Home » Advice Centre » Stoma Advice » Common Stoma Problems

Common Stoma Problems Page Contents

Common Stoma Problems

Woman in woodsThere are common stoma problems that can arise when you have a stoma bag but if you are informed and prepared, complications can be countered or even prevented by following our helpful stoma advice.

Sore Skin Around the Stoma

A skin protection film can be used on sore skin before applying your stoma pouch and help the appliance adhere.

For very sore skin a ‘skin blanket’ can be applied onto the skin before putting on a new appliance which also acts as a skin barrier between the skin and the adhesive.

Large areas of skin that are red, sore, and weeping (always wet) may prevent you from getting a good seal around your stoma. It is therefore important to treat minor irritations before they worsen.

If you have any irritation or sore skin that does not clear up after a few days, contact your stoma care nurse.

Soreness around a stoma can often occur when:

  • Base plates are changed too often – in some cases base plates do not need changing as often as pouches and it may be worth trying a two-piece system which allows you to change a pouch without always having to change a base plate.
  • There is leakage of output onto the skin – to avoid leakage make sure that your stoma is measured on a regular basis and the base plate size changed accordingly. This is particularly important if you have experienced any kind of change in your weight which in turn may alter the size of your stoma. A belt can also be worn with two-piece and convex appliances to help prevent them leaking.
  • Hair follicles become inflamed – this can be due to improper shaving of the area. If you do shave the area, make sure it is not too often and that adequate hygiene is maintained. A clean disposable razor must be used each time
  • Soap is used to wash the area – instead of soap use water and dry wipes or a mild unperfumed soap. Fittleworth supplies complimentary dry wipes to help with this. Please note that many nurses recommend that you do not use wet wipes on or around the stoma as this can cause irritation. If you do use wet wipes and suffer from sore skin, try stopping for a while and only use dry wipes and water, to see if your skin improves.
  • You are sensitive to the adhesive, other products or to certain foods – to help with this try some alternative appliances or use skin protectors such as protective wafers or wipes.
  • Sweating occurs due to the plastic pouch sitting close to the skin – to stop sweating, particularly in hot weather, you can use a cotton pouch cover which is placed over the top of the plastic pouch. These are available on prescription through Fittleworth.

Stabbing Pain in a Stoma

Sometimes, intercostal nerves can be intertwined with scar tissue. If stitches are pulled too tight, this can also cause such pain. Irritation can cause inflammation within the stoma and around the general area. This type of pain usually recedes as oedema (a build-up of fluid) reduces within the stoma site. This type of stabbing pain, which occurs longer lengths of time after surgery, can be secondary to adhesions (scar tissue) becoming inflamed and has also been linked to constipation in Colostomy patients and obstruction (non-functioning ileostomy).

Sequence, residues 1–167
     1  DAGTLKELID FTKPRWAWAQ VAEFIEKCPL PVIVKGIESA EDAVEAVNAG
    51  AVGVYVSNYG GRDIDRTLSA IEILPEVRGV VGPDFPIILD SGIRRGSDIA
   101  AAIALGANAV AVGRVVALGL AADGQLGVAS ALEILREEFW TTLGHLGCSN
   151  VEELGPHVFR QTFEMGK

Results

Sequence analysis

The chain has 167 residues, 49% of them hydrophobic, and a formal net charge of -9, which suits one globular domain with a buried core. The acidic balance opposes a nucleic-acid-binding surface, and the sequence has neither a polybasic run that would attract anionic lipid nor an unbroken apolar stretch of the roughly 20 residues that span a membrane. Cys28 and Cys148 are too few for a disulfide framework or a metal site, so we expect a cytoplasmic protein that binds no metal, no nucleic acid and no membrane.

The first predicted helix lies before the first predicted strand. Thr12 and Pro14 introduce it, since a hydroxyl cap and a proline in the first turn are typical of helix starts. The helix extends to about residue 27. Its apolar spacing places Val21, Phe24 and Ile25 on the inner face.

What causes blisters around a stoma and how can they be prevented?

Your stoma nurse should continually assess blisters around the stoma. These can most commonly be caused by parastomal stitches pulling tight due to post-operative abdominal swelling/oedema. Other common causes are incorrect stoma pouch aperture, which often needs altering a few times post-operatively due to changes in the post-operative abdominal topography and reduction of swelling in the actual stoma.

Alteration of the pouch aperture will immediately help prevent this occurrence, and ostomates need to observe any possible need for such changes. Also, stoma seals can promote comfort and act as an added guard against seepage of stool, which can irritate the skin in this area.

Stoma Bleeding

You may notice slight bleeding from the surface of your stoma. This is normal and can be caused by cleaning your stoma too harshly. It is also normal for some stomas to bleed when you change your pouch.

Take care when changing your pouch and cleaning the area. However, if the bleeding persists or you have any other concerns then you should contact your stoma care nurse for advice.

Bleeding can also be caused by friction from an ill-fitting appliance. To prevent this from occurring, regularly check that the site of the hole on the base plate or flange is correct. Your stoma nurse can assist with this. If there is blood in the contents of the pouch, seek medical advice.

Stoma Infection Signs

It is rare for a stoma to become infected. Usually, an infected stoma has puss and blood on its lumen. This would need assessment by your Stoma Nurse or GP, where antibiotic needs would be assessed. Infections of the skin around the stoma are more probable. This would present with itching skin, which can be wet or dry and also affect pouch adhesion. Blisters are usually visible, and this can lead to dermatitis symptoms and pain. It is important to remove pouches as advised and allow time for the pouch removal rather than being tempted to pull and possibly tear the skin.